MM: Speaking of your prepackaged pre-rolls (which include matches), they’ve become one of the most recognizable products in the cannabis industry. Who was behind the original idea and design of this iconic packaging?

SB: Our belief from the beginning was to provide a product that was good enough for the cannabis connoisseur but also convenient enough for the cannabis novice. We wanted to bypass the consumer needing to purchase additional paraphernalia in order to enjoy our flower. We’ve always included the strain name and THC percentage on our packaging for the hardcore cannabis enthusiast because that’s who we are at Lowell; in addition to a brief yet detailed breakdown of the strain and its effects for the novice, as well.

MM: That’s very thoughtful. The company released the limited edition “Variety Pack” of pre-rolls earlier this month. Can you tell us more about it?

SB: The variety pack is my baby; it took us 18 months to get the mechanics of it right. Not to mention everyone here submitting their favorite strains to be included. It’s a limited-edition product that won’t be on shelves forever and the next time we do it, we’ll include entirely different strains.

MM: I’ve tried it and I’m a fan. Shifting gears a bit; Lowell has been very vocal about and open to hiring employees with non-violent criminal records; specifically, those with cannabis related crimes. What pushed the company in that direction?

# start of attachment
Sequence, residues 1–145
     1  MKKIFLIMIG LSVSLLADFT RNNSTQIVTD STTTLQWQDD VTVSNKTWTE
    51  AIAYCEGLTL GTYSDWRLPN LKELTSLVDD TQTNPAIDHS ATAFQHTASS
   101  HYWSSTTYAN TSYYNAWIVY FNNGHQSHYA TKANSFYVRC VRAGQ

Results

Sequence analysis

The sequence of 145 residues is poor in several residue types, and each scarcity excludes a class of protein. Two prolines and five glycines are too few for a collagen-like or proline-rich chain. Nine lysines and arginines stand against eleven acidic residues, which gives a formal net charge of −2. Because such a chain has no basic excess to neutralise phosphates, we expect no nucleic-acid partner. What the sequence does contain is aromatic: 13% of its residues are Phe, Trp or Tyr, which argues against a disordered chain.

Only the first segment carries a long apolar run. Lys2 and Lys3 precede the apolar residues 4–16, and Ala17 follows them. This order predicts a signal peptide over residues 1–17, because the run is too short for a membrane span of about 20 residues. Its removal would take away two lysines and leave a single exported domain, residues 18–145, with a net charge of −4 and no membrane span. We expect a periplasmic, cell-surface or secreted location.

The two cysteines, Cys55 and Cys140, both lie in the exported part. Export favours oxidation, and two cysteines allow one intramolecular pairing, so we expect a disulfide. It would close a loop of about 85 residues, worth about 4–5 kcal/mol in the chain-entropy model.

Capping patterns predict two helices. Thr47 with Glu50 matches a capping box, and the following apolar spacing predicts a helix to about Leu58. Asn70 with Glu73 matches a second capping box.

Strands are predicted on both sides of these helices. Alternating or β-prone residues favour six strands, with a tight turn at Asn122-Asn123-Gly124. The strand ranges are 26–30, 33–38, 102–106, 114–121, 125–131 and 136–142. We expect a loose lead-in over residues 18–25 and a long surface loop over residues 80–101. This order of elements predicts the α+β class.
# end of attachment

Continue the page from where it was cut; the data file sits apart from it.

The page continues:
SB: We believe cannabis should be treated the same as alcohol, tobacco, chocolate, coffee or any other indulgence that adults have. It not being treated like that is unjust and unfair. If you read the story on the inside of our flap it’s the story of William “Bull” Lowell, the first farmer prosecuted in the state of California for growing this plant after it was outlawed in 1913. That’s partly why hiring people who we believe were unfairly treated by society for their personal preference and lifestyle has become a theme within our brand. The fairness of cannabis enthusiasts being treated equally as part of our society and not as drug addicts is a huge goal for us.

MM: That’s a wonderful mission, and as a cannabis enthusiast, it’s greatly appreciated. I also really enjoyed the Harvest Party the company threw earlier for all its cannabis friends and colleagues.

SB: I’m happy you liked it. We plan on throwing more of those parties for budtenders every month. Again, it’s all about us celebrating and normalizing cannabis. When you think about who’s pioneering this change, it’s the people on the forefront selling it; the budtenders. We want to celebrate them the same way we care for our Lowell employees or those who’ve been arrested. Your budtender has taken all kinds of risks; like potentially making it a lot harder to find another career in the future or having a fall out with friends and family because they don’t agree with what they’re doing. All in order to normalize the conversation around cannabis. Without the first people doing it, it never becomes acceptable to everyone else, which is why they’re so important.

As a budtender, hearing the respect and appreciation Sean has for us and what we do for the industry was very endearing. I look forward to seeing what the company has planned for 2019.